“The NIMAs are one of Australia’s most important music events” Beat Magazine
The National Indigenous Music Awards (NIMAs) are recognised as one of Australia’s most prominent Indigenous music awards and have been celebrating Australian music for 16 years.
The NIMAs showcase the rich musical landscape of Australia and highlight the music coming from all corners of the country. The Awards bring together acts who are yet to make their mark on the world alongside those who have achieved international acclaim, such as Gurrumul & Jessica Mauboy.
Held annually under the stars at Darwin’s historic Amphitheatre, The NIMAS bring audiences from all over Australia together to applaud the winners, enjoy the performances and soak up the ambiance of a night for music lovers of all ages and all cultures. Musicians such as Yothu Yindi, Gurrumul, The Tableland Drifters, Warren H. Williams and Arnhem Land rockstars Saltwater Band have performed and won awards as well.
“There’s so much great talent coming through and it’s a privilege to be in the same company.” Dan Sultan, NIMAs Award Winner
The NIMAs are a special celebration of Indigenous music: a family friendly, not-to-be-missed event in the Darwin entertainment calendar and the Australian music calendar.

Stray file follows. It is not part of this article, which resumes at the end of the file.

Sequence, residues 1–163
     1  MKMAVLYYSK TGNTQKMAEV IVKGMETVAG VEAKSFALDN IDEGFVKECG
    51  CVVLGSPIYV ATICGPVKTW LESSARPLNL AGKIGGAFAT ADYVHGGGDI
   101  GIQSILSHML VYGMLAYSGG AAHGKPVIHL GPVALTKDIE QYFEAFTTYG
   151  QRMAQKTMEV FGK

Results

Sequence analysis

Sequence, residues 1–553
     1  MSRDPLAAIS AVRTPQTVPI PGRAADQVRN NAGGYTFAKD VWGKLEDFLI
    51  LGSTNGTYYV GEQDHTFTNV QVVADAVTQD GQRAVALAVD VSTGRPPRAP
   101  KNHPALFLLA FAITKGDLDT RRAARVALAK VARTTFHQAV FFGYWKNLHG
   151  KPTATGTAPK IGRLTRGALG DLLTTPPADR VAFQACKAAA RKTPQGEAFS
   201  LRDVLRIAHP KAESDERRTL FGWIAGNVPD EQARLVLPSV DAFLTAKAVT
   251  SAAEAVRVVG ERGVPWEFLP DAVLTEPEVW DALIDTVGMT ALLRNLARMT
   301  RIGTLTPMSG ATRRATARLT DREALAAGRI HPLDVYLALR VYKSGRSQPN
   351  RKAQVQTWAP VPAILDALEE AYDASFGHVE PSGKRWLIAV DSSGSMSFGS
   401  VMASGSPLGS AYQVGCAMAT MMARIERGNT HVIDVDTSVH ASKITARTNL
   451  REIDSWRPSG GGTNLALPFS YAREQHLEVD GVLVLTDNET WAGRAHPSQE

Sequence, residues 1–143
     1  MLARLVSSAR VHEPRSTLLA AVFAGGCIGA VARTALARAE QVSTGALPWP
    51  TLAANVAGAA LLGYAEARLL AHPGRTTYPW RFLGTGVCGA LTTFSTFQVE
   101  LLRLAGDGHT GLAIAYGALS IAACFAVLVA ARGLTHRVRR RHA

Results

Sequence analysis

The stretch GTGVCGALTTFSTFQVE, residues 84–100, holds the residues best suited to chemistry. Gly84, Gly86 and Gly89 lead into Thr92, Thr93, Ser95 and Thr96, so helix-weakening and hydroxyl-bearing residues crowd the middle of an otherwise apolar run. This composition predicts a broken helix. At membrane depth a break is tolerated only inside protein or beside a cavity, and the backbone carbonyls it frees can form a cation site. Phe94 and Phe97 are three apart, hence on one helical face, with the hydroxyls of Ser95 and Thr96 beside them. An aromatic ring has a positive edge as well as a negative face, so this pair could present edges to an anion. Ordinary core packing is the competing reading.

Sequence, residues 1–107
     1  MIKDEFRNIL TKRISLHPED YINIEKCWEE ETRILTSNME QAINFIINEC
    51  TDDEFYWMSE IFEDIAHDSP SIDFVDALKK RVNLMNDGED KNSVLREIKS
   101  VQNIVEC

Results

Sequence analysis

Recognising the important place the event holds for its artists, past and present, as well as its audience, the NIMAs program a huge night of performances as part of the award ceremony, positioning it as a major music festival on the National event calendar. While 2020 saw the event move online/virtual and onto screens, where it was broadcast to over 250, 000 people across the country, we are excited to return to the George Brown Botanic Garden Amphitheatre, on Larrakia Country, to celebrate some of the most exciting music in the country.
“The growth in the National Indigenous Music Awards has mirrored the growth of Indigenous music more generally over the last fifteen years. As our musicians have continued their journey of taking their rightful place at the forefront of Australian music, the awards have been there not just to celebrate their successes, but to be a launching pad for new talent and discovery vehicle for musicians.” Former NIMA Reference Group Chair Warren H. Williams.
This year is shaping up to be one of the strongest years for new First Nations music, with artists seeing success both locally and internationally, and iconic acts building up for new releases. The NIMAs are proud to continue to celebrate and showcase the first music of this nation, and the diverse stories being shared from First Nations artists from right across the country.